There are other means of treating pain that doesn’t involve addictive drugs. A study published by JAMA highlights the most commonly used non-pharmaceutical treatment for pain after knee replacement surgery. Among these treatments are cold and heat, electrotherapy, acupuncture, and continuous passive motion (CPM). Although some were more effective than others for post-operative pain, some evidence suggests that electrotherapy and acupuncture help reduce opioid use post-surgery.

Going through surgery during your recovery journey is frightening, but it doesn’t always have to lead to relapse. Even if you are faced with a setback or struggling with substance abuse, help is available to you.

Signs of Relapse After Surgery

Unfortunately, despite their best attempts, relapsing after sustaining a physical injury or going through surgery happens. Even when using opioids as prescribed, or in small doses, can lead to cravings and a return to their addiction. Following instructions the doctors give is enough to wake the sleeping giant that is our addiction. As much as we try, there are certain situations where we can’t treat pain after surgery with opioids.

If you’re concerned that either yourself or a loved one has relapsed because of surgery, here are the most common signs you should look out for.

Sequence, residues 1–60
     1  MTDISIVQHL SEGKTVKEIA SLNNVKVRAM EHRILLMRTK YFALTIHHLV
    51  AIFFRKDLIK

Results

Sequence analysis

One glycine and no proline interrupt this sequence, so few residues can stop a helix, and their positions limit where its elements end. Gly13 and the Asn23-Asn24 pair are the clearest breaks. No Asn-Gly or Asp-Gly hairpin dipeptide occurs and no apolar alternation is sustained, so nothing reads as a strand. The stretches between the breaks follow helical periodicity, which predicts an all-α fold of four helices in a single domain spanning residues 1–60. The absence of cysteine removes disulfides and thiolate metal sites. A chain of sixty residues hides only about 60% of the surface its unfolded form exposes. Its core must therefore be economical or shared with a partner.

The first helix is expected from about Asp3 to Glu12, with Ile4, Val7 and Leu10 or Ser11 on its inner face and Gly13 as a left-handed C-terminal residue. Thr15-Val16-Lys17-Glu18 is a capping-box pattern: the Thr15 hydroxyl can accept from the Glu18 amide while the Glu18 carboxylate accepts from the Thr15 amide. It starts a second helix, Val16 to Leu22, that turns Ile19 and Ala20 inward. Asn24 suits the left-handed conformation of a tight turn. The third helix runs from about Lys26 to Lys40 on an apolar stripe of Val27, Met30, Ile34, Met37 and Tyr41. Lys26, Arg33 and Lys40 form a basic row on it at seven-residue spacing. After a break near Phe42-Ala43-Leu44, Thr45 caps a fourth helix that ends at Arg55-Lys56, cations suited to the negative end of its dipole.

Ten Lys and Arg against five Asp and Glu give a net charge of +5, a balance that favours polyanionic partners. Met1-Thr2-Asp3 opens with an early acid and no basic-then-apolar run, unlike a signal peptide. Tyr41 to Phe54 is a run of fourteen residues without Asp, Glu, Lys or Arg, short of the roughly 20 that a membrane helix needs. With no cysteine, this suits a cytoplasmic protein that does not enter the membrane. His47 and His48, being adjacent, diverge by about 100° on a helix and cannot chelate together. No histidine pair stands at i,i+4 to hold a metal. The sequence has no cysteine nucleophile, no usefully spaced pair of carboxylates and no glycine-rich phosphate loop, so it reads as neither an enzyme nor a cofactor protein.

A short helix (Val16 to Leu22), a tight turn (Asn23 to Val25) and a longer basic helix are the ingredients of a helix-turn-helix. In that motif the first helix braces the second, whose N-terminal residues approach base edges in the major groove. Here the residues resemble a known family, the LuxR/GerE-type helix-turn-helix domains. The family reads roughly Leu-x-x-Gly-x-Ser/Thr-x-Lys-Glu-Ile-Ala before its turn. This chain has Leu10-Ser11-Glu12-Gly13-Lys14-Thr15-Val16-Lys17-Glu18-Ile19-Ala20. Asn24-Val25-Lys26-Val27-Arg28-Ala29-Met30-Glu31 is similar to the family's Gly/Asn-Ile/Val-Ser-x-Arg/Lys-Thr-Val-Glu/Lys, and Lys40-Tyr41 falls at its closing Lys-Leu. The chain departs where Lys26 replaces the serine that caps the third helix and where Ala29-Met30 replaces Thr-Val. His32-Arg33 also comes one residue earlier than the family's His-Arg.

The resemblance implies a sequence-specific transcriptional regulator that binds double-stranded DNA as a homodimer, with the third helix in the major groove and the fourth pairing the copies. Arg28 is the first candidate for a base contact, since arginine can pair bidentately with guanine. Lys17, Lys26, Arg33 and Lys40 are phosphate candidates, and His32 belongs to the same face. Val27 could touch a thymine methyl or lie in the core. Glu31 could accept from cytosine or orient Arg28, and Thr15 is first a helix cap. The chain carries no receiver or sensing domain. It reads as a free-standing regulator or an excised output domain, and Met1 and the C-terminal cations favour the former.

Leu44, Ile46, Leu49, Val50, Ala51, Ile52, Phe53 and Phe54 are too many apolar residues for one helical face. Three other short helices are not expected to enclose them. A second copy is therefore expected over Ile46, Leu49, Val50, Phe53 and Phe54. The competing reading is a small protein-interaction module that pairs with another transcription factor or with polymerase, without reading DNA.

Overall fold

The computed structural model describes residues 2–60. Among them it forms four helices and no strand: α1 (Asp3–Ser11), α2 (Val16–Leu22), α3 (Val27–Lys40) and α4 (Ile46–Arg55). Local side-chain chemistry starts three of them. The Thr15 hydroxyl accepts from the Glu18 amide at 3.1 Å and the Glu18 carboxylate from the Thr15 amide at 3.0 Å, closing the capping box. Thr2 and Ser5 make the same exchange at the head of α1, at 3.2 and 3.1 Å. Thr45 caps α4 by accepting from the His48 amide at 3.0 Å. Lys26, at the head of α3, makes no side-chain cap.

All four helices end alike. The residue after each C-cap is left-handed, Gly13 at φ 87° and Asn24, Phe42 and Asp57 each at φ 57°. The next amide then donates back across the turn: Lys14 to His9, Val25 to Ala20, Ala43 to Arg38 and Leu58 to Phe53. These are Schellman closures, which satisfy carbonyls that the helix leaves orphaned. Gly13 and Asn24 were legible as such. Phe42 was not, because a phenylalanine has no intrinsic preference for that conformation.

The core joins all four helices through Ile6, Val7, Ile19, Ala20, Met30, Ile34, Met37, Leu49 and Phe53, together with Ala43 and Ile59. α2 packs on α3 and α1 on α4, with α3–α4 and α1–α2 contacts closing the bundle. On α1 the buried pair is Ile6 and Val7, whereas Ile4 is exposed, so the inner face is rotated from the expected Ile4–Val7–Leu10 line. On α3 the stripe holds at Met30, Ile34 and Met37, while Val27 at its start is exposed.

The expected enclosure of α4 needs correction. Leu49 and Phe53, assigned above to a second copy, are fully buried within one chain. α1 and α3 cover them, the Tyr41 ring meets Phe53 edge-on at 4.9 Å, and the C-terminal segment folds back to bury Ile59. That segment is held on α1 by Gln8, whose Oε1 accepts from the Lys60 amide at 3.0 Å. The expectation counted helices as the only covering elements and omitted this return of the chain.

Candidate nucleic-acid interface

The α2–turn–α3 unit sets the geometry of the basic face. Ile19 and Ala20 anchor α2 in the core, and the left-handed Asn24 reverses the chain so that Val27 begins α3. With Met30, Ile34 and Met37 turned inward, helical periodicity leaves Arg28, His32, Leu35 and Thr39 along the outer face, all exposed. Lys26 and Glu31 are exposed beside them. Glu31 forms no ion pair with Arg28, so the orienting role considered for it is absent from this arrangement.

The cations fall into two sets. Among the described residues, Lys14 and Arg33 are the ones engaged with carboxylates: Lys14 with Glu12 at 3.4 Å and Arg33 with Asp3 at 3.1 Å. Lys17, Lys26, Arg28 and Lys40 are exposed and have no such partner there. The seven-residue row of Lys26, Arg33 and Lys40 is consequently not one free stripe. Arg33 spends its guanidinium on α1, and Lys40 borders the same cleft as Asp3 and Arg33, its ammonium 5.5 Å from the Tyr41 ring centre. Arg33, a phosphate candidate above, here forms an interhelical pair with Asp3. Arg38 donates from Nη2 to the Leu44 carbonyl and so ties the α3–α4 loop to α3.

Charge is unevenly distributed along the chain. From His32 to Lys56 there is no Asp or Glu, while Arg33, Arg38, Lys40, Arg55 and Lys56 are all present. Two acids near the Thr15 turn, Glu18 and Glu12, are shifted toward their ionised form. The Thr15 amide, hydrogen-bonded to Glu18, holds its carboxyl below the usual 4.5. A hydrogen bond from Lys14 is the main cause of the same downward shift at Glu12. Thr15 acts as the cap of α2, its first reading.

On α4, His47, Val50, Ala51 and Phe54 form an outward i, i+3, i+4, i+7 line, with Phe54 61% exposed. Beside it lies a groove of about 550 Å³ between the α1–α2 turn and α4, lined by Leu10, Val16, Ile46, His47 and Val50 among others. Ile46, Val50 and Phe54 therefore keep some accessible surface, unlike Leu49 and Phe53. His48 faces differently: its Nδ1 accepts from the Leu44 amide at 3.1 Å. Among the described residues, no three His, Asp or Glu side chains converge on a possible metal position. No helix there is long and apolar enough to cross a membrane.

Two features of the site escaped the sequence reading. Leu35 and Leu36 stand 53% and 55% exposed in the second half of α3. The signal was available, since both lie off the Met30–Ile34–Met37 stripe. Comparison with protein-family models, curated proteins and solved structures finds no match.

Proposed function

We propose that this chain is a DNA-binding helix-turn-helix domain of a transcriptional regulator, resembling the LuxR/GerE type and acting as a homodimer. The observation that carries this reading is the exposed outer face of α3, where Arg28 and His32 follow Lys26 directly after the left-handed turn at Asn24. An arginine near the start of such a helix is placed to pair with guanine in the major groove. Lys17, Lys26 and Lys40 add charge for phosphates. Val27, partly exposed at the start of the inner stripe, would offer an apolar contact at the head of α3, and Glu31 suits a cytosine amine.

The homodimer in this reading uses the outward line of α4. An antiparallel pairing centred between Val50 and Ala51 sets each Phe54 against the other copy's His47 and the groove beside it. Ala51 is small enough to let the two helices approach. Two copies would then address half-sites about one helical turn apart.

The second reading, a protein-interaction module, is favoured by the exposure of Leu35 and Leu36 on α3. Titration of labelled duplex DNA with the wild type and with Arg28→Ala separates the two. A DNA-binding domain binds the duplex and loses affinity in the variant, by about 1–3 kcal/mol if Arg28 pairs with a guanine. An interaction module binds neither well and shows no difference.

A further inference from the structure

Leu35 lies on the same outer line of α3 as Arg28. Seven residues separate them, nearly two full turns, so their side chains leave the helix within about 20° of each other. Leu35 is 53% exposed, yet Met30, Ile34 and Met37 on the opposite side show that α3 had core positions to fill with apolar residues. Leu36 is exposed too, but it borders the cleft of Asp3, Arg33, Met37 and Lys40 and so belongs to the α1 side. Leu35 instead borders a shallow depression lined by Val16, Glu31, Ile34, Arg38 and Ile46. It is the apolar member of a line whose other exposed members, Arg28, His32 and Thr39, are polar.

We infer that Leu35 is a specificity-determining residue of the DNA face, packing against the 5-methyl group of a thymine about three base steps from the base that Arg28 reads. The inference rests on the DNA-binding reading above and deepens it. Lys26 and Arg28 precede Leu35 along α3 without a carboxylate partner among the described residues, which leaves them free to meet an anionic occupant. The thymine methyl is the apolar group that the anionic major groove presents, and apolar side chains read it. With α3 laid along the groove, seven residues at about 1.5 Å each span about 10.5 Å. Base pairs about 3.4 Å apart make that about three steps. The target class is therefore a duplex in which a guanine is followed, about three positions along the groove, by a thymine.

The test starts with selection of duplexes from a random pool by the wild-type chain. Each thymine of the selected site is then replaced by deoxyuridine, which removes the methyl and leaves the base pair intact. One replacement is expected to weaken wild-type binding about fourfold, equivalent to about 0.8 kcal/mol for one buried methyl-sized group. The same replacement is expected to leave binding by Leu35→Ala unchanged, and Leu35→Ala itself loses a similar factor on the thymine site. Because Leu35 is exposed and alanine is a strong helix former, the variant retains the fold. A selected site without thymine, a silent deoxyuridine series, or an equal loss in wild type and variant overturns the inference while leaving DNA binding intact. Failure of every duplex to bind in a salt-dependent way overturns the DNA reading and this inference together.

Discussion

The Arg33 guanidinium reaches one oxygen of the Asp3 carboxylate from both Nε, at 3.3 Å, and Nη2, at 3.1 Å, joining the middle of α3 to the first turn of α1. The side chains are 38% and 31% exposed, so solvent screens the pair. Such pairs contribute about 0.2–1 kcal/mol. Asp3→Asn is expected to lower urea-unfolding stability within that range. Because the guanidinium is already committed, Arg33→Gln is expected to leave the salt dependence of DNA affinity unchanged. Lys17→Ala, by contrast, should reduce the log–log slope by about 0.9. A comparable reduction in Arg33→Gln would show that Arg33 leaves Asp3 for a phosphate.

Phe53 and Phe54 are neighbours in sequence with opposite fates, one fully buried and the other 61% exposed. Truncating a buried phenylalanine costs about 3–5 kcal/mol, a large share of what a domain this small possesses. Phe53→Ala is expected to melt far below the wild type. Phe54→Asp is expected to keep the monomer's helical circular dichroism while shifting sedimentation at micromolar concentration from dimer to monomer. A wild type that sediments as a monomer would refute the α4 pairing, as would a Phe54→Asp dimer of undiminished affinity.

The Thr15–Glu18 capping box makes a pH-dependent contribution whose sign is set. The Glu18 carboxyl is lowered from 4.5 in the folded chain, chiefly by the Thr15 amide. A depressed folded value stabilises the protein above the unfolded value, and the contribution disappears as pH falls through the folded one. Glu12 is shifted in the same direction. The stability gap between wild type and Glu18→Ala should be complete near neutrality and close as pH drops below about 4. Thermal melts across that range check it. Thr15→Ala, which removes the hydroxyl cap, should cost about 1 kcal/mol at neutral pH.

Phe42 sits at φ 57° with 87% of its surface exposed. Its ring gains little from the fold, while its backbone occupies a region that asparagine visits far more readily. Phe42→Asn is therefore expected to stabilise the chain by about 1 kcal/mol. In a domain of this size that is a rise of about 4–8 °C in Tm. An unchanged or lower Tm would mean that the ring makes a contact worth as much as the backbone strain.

• You might notice the individual is increasingly depressed, bored, or unsatisfied.
  • Once they’ve recovered from surgery, they forego recovery meetings.
  • There’s a change in eating, sleeping, and exercising habits.
  • You or the person in question might justify their drug or alcohol cravings, leading to them bargaining with themselves.
  • You start lying to your treating physician, therapist, or counselor.
  • You convince yourself to take more of the medication, have a drink, or use illicit drugs.

Other signs that someone is on the verge or has relapsed include:

  • Physical or emotional isolation
  • Working too much or too little
  • Avoiding talks about problems or their life in recovery
  • Overeating or undereating
  • Obsession about exercising, or doesn’t exercise at all
  • Unrealistic plans
  • No hobbies
  • Anger or irritability
  • Has a chaotic schedule – or does nothing at all
  • Is around other family members who abuse drugs or alcohol
  • Sleeps excessively
  • Doesn’t sleep at all
  • Skips meetings and gets upset when brought up
  • Hasn’t made any attempts to change after surgery

Getting Help for Relapse

Unfortunately, relapse is all too common for those in the recovery process, and experiencing it after surgery is a possibility. Those in recovery experience relapse rates at 40 to 60 percent. While many will experience shame and regret, others might continue, but it’s important to get help and build off the progress you’ve already made in recovery.

The sooner you commit yourself to treatment, the easier it will be. Depending on the drugs you’re using, it may require a stint in medical detox to help wean you off the drug safely. Once you complete this phase, you might be able to go through an outpatient program to continue building off your success previously in treatment.

You should never look at relapse as a failure. On the contrary, you should look at it only that your treatment plan needs to be adjusted. If you’ve relapsed because of surgery, that was something beyond your control, but recognizing it was a problem and seeking help is a sign of how far you’ve come.